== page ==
It was held by Kerala High Court that “though the photographs may reflect that the couple were in a happy mood, that does not reflect as to how they were living together”

The parties got married on 1.5.1999 and a male child was born in the wedlock on 06.12.2001. They started living separately since 30.12.2005. The contention urged by the petitioner/wife was that all along her husband was demanding her to bring patrimony. She had to suffer cruelty at the hands of the husband on account of such demands. Finally, during 2005, she was severely man handled and she had to leave the matrimonial home.

The wife’s divorce petition was allowed by the Trial Court. She had sought divorce on the ground of cruelty and desertion. It was found that the wife was successful in proving cruelty and therefore she was entitled for divorce. It was also found that the husband had deserted the wife and the child for more than two years and therefore the wife was entitled for divorce on the ground of desertion as well.

The Wife alone had been examined before court. Husband denied the aforesaid facts and placed reliance upon certain photographs to prove that the couple had been leading a happy married life. As far as the wife is concerned, her main complaint was that husband was demanding the patrimony all along. That apart, according to Wife, she was subjected to perverted sexual activities by her husband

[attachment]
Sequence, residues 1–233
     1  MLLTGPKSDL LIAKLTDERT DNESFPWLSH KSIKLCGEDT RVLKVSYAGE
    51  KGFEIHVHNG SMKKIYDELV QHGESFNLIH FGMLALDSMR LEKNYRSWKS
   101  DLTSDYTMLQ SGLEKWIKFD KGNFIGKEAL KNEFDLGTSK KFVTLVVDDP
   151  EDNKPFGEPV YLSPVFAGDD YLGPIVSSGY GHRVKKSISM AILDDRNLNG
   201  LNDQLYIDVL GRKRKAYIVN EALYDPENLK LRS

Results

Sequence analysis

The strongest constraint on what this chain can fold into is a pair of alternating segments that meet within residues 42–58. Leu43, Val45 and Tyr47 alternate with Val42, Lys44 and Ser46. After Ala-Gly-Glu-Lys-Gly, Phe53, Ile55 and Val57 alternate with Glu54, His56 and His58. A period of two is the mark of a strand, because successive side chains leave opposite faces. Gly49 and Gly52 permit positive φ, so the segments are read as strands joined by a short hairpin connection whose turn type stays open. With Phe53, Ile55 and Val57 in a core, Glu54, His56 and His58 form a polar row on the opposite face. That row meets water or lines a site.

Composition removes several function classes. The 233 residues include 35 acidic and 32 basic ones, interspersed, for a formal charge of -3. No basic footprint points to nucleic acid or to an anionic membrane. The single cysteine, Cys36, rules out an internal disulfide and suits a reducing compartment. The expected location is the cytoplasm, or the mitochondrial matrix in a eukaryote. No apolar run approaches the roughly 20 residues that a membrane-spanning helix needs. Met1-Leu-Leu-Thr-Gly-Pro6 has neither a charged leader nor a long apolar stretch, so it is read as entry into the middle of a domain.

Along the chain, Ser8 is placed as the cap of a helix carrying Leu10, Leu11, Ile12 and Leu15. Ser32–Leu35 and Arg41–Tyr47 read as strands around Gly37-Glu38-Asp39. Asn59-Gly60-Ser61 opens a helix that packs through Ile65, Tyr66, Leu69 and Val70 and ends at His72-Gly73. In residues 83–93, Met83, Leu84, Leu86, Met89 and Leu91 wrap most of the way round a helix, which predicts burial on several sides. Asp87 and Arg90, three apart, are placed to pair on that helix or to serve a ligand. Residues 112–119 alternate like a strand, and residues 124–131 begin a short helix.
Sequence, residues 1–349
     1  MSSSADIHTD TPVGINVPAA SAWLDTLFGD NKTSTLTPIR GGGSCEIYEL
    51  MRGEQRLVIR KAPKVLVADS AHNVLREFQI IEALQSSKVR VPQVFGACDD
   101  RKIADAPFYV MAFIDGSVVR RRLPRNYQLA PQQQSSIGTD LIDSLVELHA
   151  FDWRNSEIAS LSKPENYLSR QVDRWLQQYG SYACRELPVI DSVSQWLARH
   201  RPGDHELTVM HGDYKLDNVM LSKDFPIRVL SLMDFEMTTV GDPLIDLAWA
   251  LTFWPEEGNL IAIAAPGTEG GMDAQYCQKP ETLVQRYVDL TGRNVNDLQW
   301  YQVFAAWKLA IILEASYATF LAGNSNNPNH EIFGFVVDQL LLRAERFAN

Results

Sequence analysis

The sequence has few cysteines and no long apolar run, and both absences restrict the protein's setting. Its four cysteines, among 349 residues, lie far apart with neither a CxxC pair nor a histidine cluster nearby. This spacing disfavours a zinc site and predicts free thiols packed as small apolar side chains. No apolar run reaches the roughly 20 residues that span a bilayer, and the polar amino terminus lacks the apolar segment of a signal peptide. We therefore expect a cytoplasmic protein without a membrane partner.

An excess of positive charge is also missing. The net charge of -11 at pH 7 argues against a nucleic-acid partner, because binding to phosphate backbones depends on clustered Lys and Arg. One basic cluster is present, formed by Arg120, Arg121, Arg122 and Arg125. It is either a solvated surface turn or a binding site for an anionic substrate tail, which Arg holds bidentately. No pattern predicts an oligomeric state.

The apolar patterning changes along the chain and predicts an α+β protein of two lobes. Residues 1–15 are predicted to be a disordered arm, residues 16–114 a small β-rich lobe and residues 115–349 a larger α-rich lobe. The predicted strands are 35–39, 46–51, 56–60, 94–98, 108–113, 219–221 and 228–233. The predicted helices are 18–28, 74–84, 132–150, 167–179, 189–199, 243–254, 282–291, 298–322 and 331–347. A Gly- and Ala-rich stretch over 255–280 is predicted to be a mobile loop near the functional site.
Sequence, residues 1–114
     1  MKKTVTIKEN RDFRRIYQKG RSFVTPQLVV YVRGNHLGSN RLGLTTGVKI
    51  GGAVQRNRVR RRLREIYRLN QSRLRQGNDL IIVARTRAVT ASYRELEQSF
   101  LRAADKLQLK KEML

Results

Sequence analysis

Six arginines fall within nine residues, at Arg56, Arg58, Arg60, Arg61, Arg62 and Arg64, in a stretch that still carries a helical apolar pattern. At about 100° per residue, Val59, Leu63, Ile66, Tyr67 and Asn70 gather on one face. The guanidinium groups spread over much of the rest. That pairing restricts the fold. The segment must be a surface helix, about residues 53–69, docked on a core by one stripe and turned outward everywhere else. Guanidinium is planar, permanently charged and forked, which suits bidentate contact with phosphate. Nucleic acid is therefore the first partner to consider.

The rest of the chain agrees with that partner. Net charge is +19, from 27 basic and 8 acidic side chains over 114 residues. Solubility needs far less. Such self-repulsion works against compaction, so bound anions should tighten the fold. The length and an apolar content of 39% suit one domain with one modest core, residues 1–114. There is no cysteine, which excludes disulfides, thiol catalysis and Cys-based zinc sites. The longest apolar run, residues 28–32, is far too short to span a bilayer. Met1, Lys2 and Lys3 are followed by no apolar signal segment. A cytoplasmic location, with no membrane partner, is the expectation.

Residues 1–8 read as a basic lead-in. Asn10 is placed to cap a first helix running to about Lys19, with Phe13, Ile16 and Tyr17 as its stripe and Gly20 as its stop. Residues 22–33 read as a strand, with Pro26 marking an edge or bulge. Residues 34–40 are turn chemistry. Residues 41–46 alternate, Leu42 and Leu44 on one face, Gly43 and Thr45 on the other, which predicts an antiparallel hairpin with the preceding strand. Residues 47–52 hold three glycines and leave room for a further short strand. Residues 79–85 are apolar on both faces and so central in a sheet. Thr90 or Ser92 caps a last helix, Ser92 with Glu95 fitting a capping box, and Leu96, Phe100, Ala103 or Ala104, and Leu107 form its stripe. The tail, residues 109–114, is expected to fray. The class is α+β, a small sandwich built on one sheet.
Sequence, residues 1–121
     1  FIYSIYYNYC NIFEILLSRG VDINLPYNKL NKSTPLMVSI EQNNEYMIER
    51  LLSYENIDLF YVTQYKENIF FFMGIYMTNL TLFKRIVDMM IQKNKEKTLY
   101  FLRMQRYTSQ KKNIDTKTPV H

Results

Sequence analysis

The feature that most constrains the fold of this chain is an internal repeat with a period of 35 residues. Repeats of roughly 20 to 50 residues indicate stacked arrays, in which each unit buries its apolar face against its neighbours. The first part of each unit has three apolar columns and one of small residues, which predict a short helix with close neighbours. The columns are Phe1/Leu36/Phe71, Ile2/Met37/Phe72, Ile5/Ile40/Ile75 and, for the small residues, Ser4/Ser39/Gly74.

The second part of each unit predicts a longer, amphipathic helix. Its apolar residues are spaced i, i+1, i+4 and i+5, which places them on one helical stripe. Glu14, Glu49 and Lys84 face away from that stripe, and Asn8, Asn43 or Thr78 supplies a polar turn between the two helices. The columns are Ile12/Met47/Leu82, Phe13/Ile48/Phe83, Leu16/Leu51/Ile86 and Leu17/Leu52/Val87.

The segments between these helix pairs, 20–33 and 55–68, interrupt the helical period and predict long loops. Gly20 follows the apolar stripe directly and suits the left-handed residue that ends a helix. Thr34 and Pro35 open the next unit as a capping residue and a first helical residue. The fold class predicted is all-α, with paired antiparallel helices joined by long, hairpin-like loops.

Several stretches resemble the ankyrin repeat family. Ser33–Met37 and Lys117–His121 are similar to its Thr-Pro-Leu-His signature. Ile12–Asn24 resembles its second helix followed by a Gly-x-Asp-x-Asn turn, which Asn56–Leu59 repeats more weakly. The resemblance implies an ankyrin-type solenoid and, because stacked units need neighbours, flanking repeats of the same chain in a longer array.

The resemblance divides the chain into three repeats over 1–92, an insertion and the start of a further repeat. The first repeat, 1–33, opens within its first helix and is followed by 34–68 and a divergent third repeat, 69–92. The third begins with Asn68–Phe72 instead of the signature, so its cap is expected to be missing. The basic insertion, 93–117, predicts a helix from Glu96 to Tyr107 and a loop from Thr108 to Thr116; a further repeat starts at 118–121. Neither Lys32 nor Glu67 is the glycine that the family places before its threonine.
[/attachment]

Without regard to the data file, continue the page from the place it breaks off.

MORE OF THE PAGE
“Though the photographs may reflect that the couple were in a happy mood, that does not reflect as to how they were living together. At the time of taking the photographs, they seems to be in a happy mood. But that by itself does not mean that the couple was leading a happy married life, and there was no demand for patrimony.”

Having regard to the aforesaid factual situation, when the Family Court had placed reliance upon sufficient material to arrive at a finding that the husband had ill-treated his wife, which amounts to mental and physical cruelty, we do not find any reason to interfere with the said finding of fact. There is no perversity or illegality in the said finding warranting any interference. Taking into consideration the aforesaid facts and the fact that the matrimonial tie had been irretrievably broken and there is no chance for a re-union, we don’t think it necessary to interfere with the judgment of the Family Court.

The Mat Appeal is dismissed. No costs.

Judgment-Anish Jacob V Rinku Jacob

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